BUTTERFLY MCQUEEN
Her roles were largely stereotypical, yet her charm and goofiness made her memorable. Here’s a look at her work beyond Gone With the Wind.

DESIGN IN FILM: THE MODERN HOUSEAn eight-minute video montage of modern homes—real and fake—as seen on the silver screen.

KEYE LUKE
An examination of the lengthy career of the Chinese-American character actor, from Charlie Chan to Woody Allen.

70MMThirty visually stunning films that illustrate the grandeur of large-format filmmaking.

CHILL WILLS
Our look at the Texas actor’s 43-year film career, including an ill-advised Oscar campaign. 

MARGARET HAMILTON
A look at the professional life of an actress who proved to be much more than just the Wicked Witch of the West.

NEBRASKANSA look at some of the memorable talentsfrom Astaire to Zanuck—to come from the Cornhusker State.

BEHIND THE SCENES
Twenty-five cool photos reveal what goes on outside of movie camera range.

SILENT SURVIVORS
Our list of at least a dozen silent film performers that are happily still with us.

12 GREAT MOVIE SONGSElvis, The Beatles and The Supremes join our list of favorite movie themes of the 1960s.

WILHELM SCREAMWe trace the history of one of the most famous and beloved sound effects in movies.

LOST HORIZONA dud receives its due as we explore the elements that made this 1973 musical so preposterously memorable.

GREAT CLOSING LINES
One hundred films whose final words of dialogue make indelible lasting impressions.

25 GREAT SILENT MOVIE POSTERSOur selection of artwork from the early days of motion pictures that expertly illustrate the tone and tale of the films they represent.

RAVES AND RASPBERRIES We select some choice bits from reviews by the late Roger Ebert.

ERROL FLYNN GETS WHACKEDThe actor recalls an unforgettable moment with Bette Davis on the set of The Private Lives of Elizabeth and Essex.

CINEMATIC RIDESTen films where carnival attractions add to the plot and give their protagonists a cheap thrill.

REEFER TRILOGY
Three overwrought cautionary tales from the 1930s examine the perils of smoking marijuana in polite society.

20 DIRECTORS / 20 FILMSSome of the world’s best moviemakers from Hollywood’s Golden Era provide a behind-the-scenes look at their creations.

LOS ANGELES IN THE 1920SVintage clips offer a look at famous boulevards, studios, theaters, eateries and more.

BILLY WILDEROur favorite lines of dialogue from the Oscar-winning writer/director.

WOODY ALLENChoice lines of dialogue, from Take the Money and Run to Midnight in Paris.

KATHARINE HEPBURNTen authoritative moments when Kate's movie character speaks her mind.

UFA MOVIE POSTERSA look at the early one sheets from the longest standing film studio in Germany.

THE LANGUAGE OF NOIRWe celebrate tough talk from the best of Hollywood’s gritty crime dramas.

HELICOPTER OVER HOLLYWOOD

Aerial shots of Hollywood in 1958 includes Griffith Observatory, Grauman’s Chinese Theater and major studios.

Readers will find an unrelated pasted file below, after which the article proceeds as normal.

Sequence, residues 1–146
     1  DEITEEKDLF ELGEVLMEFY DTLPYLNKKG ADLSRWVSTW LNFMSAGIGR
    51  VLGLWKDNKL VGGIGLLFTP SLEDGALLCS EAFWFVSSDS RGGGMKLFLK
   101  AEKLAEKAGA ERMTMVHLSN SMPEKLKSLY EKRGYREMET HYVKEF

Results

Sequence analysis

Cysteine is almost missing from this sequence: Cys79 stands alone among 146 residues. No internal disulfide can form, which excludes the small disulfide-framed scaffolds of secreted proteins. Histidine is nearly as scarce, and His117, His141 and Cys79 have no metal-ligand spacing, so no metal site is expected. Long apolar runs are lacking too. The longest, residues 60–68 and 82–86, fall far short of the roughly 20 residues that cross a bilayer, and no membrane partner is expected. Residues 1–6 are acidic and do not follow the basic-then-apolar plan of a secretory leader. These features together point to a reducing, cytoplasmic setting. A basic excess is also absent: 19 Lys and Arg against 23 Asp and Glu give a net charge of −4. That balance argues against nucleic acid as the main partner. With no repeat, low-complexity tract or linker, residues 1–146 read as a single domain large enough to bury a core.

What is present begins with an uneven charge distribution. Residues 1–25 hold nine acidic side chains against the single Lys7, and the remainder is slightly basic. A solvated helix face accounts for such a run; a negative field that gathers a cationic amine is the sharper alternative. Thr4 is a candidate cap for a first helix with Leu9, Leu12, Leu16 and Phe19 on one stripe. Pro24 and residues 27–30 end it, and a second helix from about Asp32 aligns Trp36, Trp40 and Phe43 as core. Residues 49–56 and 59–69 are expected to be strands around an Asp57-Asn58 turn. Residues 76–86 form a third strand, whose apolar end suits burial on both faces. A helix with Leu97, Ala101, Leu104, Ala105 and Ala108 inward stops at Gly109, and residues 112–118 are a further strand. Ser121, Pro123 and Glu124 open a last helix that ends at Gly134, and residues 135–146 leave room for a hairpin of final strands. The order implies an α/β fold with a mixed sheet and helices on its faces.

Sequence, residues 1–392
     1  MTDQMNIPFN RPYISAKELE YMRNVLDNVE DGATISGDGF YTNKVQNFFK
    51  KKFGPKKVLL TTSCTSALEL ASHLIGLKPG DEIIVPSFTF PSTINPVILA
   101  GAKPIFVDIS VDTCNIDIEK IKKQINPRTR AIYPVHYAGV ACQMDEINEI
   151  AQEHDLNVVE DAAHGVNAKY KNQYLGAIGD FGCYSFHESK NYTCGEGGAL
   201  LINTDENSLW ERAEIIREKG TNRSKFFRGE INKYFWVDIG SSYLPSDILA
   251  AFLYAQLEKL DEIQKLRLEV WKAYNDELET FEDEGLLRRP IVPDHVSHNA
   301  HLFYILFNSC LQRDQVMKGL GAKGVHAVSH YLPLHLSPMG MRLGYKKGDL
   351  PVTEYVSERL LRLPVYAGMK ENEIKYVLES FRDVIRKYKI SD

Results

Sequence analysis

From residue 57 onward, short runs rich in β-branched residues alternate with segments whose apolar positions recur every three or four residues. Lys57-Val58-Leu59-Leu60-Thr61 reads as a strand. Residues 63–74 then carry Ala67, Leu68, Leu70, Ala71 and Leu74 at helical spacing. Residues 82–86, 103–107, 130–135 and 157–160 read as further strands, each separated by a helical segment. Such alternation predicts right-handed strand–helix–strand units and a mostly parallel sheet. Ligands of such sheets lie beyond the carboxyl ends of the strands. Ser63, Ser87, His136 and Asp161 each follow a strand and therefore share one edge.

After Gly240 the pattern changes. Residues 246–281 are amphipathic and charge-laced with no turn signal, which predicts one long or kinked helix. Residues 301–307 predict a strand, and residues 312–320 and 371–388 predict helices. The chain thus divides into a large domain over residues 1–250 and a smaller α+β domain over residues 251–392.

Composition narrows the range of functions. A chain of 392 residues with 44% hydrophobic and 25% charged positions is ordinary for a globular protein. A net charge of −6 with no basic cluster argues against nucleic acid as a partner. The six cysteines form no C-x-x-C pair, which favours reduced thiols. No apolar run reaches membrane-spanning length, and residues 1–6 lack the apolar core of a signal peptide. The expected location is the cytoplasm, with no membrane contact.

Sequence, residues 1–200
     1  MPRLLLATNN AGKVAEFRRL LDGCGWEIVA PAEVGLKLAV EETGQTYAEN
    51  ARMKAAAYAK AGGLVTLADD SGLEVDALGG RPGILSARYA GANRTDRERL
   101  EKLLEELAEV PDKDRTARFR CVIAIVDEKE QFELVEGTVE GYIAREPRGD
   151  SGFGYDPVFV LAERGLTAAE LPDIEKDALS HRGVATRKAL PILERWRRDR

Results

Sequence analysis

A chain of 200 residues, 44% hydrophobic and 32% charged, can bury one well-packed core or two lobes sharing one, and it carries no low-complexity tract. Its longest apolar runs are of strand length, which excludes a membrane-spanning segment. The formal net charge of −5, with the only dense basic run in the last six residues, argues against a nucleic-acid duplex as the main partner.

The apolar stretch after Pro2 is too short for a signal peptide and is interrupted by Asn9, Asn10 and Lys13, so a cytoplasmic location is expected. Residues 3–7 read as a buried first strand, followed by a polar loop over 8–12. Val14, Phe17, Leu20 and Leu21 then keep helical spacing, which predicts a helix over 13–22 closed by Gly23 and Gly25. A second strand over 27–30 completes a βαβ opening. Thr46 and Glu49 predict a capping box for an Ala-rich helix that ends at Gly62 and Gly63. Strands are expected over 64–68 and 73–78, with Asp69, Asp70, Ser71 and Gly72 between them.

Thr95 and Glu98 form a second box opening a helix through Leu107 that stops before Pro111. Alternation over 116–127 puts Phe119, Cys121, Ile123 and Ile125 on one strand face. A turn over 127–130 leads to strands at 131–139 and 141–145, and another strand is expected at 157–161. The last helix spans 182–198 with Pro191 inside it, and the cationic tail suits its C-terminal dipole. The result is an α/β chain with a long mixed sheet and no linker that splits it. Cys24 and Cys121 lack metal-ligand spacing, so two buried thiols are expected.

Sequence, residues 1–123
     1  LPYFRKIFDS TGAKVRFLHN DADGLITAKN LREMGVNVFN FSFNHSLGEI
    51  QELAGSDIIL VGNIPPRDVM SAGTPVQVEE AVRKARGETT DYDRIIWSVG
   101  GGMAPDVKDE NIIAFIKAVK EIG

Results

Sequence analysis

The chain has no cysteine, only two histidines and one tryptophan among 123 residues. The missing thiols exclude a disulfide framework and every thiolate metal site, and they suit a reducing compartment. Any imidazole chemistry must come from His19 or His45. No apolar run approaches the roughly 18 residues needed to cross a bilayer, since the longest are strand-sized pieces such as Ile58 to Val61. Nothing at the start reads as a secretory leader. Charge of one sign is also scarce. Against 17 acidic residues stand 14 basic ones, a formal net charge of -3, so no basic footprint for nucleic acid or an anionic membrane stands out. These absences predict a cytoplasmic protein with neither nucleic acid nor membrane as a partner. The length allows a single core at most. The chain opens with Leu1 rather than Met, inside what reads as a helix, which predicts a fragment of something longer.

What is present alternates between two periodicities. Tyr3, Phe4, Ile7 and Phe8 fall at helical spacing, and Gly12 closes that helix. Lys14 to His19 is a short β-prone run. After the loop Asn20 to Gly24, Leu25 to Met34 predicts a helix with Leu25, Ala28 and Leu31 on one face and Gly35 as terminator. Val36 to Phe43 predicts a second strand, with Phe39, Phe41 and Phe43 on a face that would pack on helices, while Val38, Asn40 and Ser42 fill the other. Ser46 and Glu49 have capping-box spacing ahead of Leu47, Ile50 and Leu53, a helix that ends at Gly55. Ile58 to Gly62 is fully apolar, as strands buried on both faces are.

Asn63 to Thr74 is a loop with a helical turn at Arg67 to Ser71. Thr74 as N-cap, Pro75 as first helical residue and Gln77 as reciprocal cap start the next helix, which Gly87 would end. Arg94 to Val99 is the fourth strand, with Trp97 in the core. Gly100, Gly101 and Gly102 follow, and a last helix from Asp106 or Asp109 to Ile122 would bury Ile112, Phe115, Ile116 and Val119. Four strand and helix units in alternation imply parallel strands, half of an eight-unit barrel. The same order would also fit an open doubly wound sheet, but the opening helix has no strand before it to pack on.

AMERICAWe celebrate one of the most exuberant dance numbers committed to film, a thrilling showcase for freakishly talented folks with music in their bones.

HOLLYWOOD POSTCARDSTen vintage postcards revealing the glories of Southern California's movie mecca.

MAJOR FILMS, MINOR GAFFESTwenty-five mistakes in some of the greatest movies ever made.

GEORGE GERSHWINTen classic songs as seen on the silver screen.

GREAT ENDINGSA memorable tussle in Death Valley caps Erich von Stroheim’s broken classic.

10 GREAT POSTERSOur look at striking works of art that just happen to sell movie tickets.

MUST READMGM: Hollywood's Greatest Backlot provides a fascinating look at a lost treasure.

IN THE COOL, COOL, COOL OF THE EVENINGJane Wyman and Bing Crosby charm with the Oscar-winning song from Here Comes the Groom (1951).

PLUNDER ROADFilm noir at its best—and most economical. No backstory, a lean look and just 72 minutes long.

W.C. FIELDSTen of his most memorable character names.

OUTER SPACE HORROR
Aliens and mutants take center stage in twenty-five spectacular movie posters from the 1950s.

INGMAR BERGMAN
Our list of ten must-see films—ten artful depictions of the human condition—by one of the world’s most influential directors.

10 DIRECTORS / 10 FILMS 
Accomplished directors from the past 50 years talk about their triumphs and challenges in bringing a story to the big screen.

JACK CARSON
We single out five films that display the talent and range of the Warner Bros. character actor.

AL HIRSCHFELDWe select our ten favorite movie posters by the famed caricaturist.

BILLIE BURKE
Five films that best represent the fluttery voiced character actress’s charms.

DIAMOND SETTINGSWe take a look at five of our favorite baseball movies of the ‘40s and ‘50s.

BESTSELLERS

A dozen books that became publishing phenomena and, at times, well-made and popular films.


SCREEN TESTSAudition footage from Monroe, Dean, Brando and others.

MOVIE MOMENTS THAT MAKE LIFE WORTH LIVINGOur collection of ten little moments of breathtaking beauty, expert craftsmanship and happy accidents that rank as our favorites.

EDNA MAY OLIVER
A tribute to a character actress who’s made aunts and spinsters her specialty.

STARS ON STARS: 30 CANDID OPINIONSA collection of favorite quotes from movie folk discussing their peers.

CEDRIC GIBBONS
We take a good look at the work of MGM’s legendary art director.